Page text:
Georgetown University’s School of Medicine has recently announced a campaign that is designed to combat “microaggressions.” The university expects this battle to take years.
According to a report from The College Fix, Georgetown University’s School of Medicine is gearing up for a multi-year battle with “microaggressions.”
The Senior Associate Dean for Diversity and Inclusion, Susan Cheng, said in an interview with The College Fix said that the medical school has made a strong effort over the past few years to develop a method for combating “microaggressions.” Now, Cheng is saying that Georgetown will be fighting “microaggressions” for years.
“Building on the unconscious bias awareness trainings we have undertaken the last few years, we wanted to take a proactive approach to educating our community around microaggressions in medicine and to provide communication tools for our students, faculty, staff to engage in productive discussions,” Cheng said.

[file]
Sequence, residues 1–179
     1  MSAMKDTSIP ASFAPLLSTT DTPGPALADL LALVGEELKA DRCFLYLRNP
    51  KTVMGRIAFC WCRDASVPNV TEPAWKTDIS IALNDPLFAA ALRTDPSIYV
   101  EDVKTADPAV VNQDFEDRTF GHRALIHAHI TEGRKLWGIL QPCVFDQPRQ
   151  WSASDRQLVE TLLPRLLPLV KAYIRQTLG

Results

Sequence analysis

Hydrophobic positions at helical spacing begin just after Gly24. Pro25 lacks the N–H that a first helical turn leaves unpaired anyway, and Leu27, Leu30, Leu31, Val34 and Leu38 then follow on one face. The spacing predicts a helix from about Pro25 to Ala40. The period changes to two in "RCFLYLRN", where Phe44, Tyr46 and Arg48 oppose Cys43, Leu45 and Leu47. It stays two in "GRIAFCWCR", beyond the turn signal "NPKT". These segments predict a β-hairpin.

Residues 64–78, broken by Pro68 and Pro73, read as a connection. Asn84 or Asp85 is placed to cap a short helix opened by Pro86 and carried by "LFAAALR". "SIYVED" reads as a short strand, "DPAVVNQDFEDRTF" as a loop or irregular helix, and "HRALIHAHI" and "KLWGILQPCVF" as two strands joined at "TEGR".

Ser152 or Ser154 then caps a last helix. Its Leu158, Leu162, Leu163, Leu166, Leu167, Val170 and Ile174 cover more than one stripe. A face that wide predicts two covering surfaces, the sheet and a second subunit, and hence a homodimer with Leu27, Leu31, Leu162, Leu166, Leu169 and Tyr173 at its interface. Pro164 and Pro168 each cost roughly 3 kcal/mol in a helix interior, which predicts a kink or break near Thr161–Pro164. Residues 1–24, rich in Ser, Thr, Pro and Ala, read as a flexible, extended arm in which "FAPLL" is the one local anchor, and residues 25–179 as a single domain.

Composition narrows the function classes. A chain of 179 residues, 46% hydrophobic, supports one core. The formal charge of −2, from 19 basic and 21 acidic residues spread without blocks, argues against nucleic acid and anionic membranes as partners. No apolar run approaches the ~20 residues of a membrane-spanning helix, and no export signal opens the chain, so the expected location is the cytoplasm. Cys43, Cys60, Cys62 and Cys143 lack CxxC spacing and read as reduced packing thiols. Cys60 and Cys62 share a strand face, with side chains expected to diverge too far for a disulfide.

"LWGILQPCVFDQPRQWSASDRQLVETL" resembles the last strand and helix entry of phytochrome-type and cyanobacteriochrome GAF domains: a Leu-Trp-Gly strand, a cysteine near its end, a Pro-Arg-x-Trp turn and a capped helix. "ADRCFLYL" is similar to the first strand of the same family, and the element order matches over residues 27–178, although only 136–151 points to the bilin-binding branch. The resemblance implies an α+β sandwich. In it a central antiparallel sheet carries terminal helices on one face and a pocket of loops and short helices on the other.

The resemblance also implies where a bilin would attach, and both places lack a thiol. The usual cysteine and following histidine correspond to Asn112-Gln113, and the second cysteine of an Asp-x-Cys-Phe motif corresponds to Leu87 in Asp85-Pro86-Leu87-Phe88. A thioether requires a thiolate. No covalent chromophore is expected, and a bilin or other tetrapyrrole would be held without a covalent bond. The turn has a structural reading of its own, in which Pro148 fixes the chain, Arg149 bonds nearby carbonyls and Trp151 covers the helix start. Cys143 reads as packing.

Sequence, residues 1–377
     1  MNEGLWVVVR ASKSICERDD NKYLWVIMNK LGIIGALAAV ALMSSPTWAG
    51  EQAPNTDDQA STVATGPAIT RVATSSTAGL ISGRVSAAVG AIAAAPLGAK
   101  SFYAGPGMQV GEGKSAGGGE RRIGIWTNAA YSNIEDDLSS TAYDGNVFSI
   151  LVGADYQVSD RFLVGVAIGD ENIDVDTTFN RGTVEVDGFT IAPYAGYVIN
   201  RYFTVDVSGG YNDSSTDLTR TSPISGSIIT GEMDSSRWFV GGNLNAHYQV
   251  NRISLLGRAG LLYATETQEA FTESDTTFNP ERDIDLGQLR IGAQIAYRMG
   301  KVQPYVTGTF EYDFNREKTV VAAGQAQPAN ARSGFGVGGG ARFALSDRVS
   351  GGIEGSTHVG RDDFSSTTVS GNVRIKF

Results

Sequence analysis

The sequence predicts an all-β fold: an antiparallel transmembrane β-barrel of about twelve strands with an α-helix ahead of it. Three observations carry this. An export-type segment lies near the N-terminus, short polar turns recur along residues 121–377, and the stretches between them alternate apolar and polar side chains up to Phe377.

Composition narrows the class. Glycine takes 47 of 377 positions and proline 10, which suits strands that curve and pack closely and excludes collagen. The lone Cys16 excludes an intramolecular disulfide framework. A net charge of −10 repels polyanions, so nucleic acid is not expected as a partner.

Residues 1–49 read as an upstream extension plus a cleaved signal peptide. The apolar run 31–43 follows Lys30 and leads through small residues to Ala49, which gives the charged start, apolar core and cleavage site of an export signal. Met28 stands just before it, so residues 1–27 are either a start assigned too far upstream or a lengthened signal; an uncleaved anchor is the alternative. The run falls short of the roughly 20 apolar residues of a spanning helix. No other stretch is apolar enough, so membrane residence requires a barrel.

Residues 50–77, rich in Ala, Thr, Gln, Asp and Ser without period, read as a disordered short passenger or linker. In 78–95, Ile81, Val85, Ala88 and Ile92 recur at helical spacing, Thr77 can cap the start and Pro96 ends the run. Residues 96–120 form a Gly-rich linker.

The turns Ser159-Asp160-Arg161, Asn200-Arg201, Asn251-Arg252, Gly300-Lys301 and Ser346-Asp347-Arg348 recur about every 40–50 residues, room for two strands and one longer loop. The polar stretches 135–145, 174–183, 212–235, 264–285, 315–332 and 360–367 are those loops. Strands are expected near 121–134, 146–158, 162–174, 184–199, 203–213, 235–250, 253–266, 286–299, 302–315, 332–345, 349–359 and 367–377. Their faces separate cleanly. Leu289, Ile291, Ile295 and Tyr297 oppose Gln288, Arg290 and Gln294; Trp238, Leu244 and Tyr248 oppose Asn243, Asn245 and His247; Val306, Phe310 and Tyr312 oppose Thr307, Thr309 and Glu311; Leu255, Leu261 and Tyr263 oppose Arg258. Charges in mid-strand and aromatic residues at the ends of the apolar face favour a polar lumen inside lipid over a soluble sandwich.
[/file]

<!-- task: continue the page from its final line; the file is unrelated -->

According to Georgetown University themselves, “microaggressions” are non-malicious slights that are received by the listener as hostile and derogatory. Statements like “You speak English well,” “Are you planning to become a nurse?” and “All of our professors have accents” are considered “microaggressions.”
A May 2018 report by NBC News addressed the intersection of medicine and race. Some black patients allege that their doctors treated them with less compassion because of their skin color. Although it’s not clear that tackling microaggressions will help, this is the type of practice that Georgetown’s School of Medicine is looking to end.
“At the time, I was so grateful to the doctors for saving my life. But afterward, I thought, was it preventable?” one black patient told NBC. “I go back and look at all those functional interactions where the doctors lacked empathy, and I wonder if it was because I was black. Or how much of it was because I was black.”
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